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Hagen v. Swan's Water Gardens, Inc.

United States District Court, D. Kansas

December 20, 2017

JOHN HAGEN, Plaintiff,
v.
SWAN'S WATER GARDENS, INC., Defendant.

          MEMORANDUM AND ORDER

          JULIE A. ROBINSON, CHIEF UNITED STATES DISTRICT JUDGE.

         Plaintiff John Hagen filed this action alleging retaliatory discharge in violation of Kansas public policy by Defendant Swan's Water Gardens, Inc. This matter comes before the Court on Defendant's Motion for Order that Plaintiff Pay Costs of Previous Action and for Stay (Doc. 6). Defendant argues that under Fed.R.Civ.P. 41(d), the Court should order Plaintiff to pay costs associated with four depositions taken as part of the previous state court action because Plaintiff sought to gain a tactical advantage by refiling the present action in federal court. After reviewing the parties' original filings, the Court directed the parties to submit supplemental briefing on several issues relevant to Defendant's motion. The matter is now fully briefed and the Court is prepared to rule. For the reasons explained below, the Court denies Defendant's motion for costs without prejudice.

         Rule 41(d) states that a court “may order the plaintiff to pay all or part of the costs of [a] previous action” if the “plaintiff who previously dismissed [the] action in any court files an action based on or including the same claim against the same defendant.”[1] Courts have broad discretion in determining whether to award costs under Rule 41(d).[2] The following three factors are key in determining whether to grant a motion for costs under Rule 41(d): (1) whether the plaintiff has “vexatious intent” in dismissing and then refiling the action; (2) whether the work that generated the costs in the previous action will be useful in the present action; and (3) whether the plaintiff can afford to pay any costs imposed.[3]

         I. Usefulness of Work from Previous Action

         As the Court previously noted, Defendant bears the burden of showing that the work done in the previous action will not be useful in the present litigation.[4] In its Supplemental Brief, Defendant states that it does not yet know whether the work from the previous action will be useful because Plaintiff has not stipulated to allowing the previous depositions, and because the Court has not determined whether those depositions will be admissible.[5] Plaintiff responds, however, that he does not intend to re-depose Defendant's witnesses.[6] And the Court finds no reason at this time why it would not admit the depositions from the state court action.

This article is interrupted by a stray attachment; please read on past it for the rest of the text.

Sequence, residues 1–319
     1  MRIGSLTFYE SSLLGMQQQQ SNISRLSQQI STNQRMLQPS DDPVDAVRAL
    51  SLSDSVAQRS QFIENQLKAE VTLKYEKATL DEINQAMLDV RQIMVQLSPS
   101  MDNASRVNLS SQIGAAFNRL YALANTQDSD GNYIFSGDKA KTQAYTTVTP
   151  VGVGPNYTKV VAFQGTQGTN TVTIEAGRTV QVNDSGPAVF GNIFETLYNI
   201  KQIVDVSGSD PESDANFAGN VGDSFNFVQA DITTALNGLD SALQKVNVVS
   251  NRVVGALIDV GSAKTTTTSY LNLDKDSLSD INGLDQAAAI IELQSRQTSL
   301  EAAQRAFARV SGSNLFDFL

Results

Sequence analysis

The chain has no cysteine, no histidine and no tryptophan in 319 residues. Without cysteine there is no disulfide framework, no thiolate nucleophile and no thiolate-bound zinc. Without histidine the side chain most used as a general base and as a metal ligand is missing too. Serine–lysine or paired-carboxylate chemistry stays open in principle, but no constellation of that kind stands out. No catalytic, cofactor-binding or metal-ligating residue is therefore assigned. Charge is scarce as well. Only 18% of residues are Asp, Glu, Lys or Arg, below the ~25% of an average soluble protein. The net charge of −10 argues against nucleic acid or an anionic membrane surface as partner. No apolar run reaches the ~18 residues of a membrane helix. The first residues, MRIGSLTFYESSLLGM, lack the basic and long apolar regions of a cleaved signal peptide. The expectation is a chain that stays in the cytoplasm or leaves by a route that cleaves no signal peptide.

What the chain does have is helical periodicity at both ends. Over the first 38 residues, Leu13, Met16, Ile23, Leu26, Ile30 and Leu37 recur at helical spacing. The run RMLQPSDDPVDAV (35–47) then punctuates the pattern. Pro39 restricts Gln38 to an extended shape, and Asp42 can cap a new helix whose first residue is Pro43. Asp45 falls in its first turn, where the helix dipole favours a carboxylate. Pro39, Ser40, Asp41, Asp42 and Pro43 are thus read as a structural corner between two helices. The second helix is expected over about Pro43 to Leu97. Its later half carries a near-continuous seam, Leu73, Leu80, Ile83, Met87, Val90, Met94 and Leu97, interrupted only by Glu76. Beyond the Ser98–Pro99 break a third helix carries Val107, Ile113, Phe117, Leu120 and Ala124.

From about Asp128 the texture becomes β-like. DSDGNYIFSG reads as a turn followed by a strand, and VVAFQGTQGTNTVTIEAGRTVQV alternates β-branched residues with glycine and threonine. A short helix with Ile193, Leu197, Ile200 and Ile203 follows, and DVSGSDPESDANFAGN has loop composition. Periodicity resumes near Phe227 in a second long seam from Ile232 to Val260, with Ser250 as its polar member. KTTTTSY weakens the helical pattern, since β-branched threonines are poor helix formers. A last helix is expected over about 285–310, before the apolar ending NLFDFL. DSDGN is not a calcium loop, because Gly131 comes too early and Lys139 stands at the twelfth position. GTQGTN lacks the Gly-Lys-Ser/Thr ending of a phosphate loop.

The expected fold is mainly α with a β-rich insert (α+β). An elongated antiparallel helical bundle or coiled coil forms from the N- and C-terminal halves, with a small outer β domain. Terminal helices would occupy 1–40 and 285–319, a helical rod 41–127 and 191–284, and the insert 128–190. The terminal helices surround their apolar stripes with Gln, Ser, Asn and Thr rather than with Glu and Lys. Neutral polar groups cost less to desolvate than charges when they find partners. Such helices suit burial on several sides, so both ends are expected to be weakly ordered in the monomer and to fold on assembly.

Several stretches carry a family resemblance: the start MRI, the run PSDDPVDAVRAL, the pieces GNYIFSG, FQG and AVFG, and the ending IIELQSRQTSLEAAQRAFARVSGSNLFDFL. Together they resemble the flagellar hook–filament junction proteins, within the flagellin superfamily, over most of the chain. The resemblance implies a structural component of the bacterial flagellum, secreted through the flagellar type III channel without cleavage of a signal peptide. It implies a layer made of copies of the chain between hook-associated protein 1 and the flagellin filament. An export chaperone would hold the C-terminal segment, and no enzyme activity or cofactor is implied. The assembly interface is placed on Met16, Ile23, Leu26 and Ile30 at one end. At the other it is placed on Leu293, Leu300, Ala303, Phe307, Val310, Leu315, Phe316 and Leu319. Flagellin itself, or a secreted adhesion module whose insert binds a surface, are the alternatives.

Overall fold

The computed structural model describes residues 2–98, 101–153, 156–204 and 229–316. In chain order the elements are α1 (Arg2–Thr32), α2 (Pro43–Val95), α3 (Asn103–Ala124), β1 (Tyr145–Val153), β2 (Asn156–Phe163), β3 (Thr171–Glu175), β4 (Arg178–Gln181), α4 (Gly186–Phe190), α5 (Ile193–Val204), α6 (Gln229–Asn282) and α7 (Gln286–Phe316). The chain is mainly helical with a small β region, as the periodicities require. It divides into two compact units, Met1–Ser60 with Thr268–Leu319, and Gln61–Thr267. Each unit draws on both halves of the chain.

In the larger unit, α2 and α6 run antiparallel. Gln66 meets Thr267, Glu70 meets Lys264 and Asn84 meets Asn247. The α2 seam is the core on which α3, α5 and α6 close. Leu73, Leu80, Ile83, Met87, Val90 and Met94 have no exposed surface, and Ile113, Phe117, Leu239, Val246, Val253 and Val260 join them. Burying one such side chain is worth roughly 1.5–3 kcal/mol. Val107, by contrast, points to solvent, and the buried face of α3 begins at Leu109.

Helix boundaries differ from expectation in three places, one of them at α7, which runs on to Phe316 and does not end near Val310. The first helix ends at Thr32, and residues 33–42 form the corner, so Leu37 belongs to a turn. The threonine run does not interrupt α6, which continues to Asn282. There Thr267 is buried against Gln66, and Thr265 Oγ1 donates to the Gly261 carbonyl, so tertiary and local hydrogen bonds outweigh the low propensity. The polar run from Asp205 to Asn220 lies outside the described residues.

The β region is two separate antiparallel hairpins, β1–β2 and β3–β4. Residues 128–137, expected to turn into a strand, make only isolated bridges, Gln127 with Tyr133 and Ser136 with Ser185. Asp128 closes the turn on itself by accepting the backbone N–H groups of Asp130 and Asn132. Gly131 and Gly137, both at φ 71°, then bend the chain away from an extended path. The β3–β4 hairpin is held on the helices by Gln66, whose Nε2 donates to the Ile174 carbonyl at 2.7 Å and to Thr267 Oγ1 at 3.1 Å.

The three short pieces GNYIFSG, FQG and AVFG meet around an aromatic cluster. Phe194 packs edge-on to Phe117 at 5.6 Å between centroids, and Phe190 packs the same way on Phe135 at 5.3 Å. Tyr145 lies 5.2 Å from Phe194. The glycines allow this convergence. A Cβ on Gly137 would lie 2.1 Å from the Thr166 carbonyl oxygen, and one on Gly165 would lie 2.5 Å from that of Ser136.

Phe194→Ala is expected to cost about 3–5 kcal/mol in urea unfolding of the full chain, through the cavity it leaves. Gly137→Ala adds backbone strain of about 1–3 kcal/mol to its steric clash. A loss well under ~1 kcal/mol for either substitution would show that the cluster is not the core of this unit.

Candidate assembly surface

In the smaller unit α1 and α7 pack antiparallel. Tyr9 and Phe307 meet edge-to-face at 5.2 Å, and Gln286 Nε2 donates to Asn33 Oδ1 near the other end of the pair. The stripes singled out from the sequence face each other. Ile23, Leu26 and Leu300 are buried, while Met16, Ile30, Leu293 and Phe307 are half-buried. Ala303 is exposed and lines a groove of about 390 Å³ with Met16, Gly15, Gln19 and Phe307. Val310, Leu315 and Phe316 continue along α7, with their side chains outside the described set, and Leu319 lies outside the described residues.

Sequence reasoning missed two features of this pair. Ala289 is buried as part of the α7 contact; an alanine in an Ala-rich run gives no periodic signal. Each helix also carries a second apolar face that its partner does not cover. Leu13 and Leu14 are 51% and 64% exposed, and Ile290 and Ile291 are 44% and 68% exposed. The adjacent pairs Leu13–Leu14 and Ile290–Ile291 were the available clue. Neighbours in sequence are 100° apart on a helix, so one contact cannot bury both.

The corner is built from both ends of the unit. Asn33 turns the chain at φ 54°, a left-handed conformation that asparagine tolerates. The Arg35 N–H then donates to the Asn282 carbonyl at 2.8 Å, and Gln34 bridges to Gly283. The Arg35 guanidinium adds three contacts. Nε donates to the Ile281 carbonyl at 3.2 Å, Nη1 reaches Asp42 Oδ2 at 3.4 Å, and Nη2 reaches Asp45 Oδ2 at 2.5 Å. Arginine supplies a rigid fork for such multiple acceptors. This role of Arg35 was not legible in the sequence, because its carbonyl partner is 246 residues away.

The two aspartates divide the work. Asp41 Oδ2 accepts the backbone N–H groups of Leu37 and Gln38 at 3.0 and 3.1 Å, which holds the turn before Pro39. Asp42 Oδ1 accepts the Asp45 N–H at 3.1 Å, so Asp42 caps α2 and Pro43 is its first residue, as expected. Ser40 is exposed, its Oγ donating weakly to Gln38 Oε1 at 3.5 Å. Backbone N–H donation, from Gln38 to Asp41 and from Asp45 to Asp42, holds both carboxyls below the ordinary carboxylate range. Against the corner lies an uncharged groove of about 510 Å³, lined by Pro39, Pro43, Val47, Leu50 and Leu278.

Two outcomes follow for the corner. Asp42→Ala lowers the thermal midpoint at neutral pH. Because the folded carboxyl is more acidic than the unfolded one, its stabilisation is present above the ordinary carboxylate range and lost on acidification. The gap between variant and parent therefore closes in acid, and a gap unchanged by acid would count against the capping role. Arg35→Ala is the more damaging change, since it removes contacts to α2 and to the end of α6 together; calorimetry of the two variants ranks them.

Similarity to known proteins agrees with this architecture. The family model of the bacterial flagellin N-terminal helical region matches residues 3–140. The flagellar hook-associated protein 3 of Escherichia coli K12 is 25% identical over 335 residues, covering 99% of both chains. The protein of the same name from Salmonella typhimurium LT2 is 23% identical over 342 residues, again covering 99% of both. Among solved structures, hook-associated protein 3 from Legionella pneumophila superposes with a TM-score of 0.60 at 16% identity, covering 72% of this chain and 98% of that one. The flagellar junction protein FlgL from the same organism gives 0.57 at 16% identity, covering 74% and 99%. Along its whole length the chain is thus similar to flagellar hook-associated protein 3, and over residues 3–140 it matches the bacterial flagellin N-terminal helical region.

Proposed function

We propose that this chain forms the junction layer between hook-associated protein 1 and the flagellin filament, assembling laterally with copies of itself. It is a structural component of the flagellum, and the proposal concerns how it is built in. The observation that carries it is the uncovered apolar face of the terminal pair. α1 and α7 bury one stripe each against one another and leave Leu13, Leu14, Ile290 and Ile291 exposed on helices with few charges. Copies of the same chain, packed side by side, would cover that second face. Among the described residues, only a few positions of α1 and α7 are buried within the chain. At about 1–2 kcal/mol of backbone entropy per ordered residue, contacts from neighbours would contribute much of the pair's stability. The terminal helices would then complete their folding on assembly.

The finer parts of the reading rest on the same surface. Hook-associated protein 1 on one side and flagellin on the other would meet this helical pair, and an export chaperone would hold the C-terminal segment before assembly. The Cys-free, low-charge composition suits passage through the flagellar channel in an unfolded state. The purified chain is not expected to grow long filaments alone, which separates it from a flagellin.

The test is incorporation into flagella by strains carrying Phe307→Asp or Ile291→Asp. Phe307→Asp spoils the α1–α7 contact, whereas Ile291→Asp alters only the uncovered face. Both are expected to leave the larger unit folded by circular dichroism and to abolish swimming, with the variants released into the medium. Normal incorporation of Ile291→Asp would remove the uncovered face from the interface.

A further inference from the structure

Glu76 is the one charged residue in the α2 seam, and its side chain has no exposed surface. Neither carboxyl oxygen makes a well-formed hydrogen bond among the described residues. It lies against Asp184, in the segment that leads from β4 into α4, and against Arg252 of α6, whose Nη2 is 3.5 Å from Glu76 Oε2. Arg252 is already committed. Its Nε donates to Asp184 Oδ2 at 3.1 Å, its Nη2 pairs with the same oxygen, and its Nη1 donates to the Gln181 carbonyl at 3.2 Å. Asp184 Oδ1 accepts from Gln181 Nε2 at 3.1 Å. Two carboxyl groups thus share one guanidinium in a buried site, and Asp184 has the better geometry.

Defendant also states that it will have to re-depose Plaintiff on damages to prepare for a later trial date.[7] But Rule 41(d) is limited to repayment of costs incurred in the previous action and no longer useful in the present one.[8] The rule is therefore directed to costs incurred before dismissal of the previous action. Defendant is describing new discovery that could not have been obtained prior to dismissal of the previous action, so costs associated with that discovery fall outside the scope of Rule 41(d). Defendant has not met its burden to show that the work from the previous action will not be useful in the present litigation. The Court therefore denies Defendant's motion without prejudice.

         II. Plaintiff's Ability to Pay Costs

         Plaintiff bears the burden to show he cannot afford any costs imposed.[9] In his supplemental brief, Plaintiff provides documentary evidence of his current monthly earnings from part-time employment.[10] Plaintiff's evidence shows that the costs Defendant seeks would impose a substantial financial burden on him. In its response, Defendant alleges that Plaintiff is now capable of full-time employment because he has graduated from college.[11] But it is not the Court's place to determine whether Plaintiff should seek full-time employment. Plaintiff's documentary evidence shows that under his present circumstances, he would suffer financial hardship if ordered to pay the costs at issue. Therefore, the Court is satisfied by Plaintiff's showing that he cannot presently afford the costs Defendant seeks.

         III. Vexatious Intent

         Although it denies Defendant's motion, the Court notes that Plaintiff has not satisfied his burden to show no vexatious intent because he still has not satisfactorily explained his reasons for dismissing his state court action and refiling in federal court. Plaintiff explains that he was experiencing financial hardship, so he voluntarily dismissed his state court action in an effort to continue negotiating a settlement.[12] But he does not explain why, if he wished to negotiate, he has apparently not communicated with Defendant's counsel about settlement since dismissing the state court action.[13] Furthermore, Plaintiff cannot justify his argument that he anticipated removal to federal court. As Defendant notes, 28 U.S.C. § 1441(b)(2) prohibits removal by defendants of diversity cases where the defendants are citizens of the state in which the first action is filed.

         After weighing vexatious intent with the other two factors, the Court denies Defendant's motion. But because Plaintiff has failed to show he did not have vexatious intent, the Court denies the motion without prejudice. Defendant may file a renewed motion should circumstances change such that work done in the previous state court action is no longer useful in the present case.

         IT IS THEREFORE ORDERED BY THE COURT that Defendant's Motion for Order that Plaintiff Pay Costs of Previous Action and for Stay (Doc. 6) is denied without prejudice.

         IT ...


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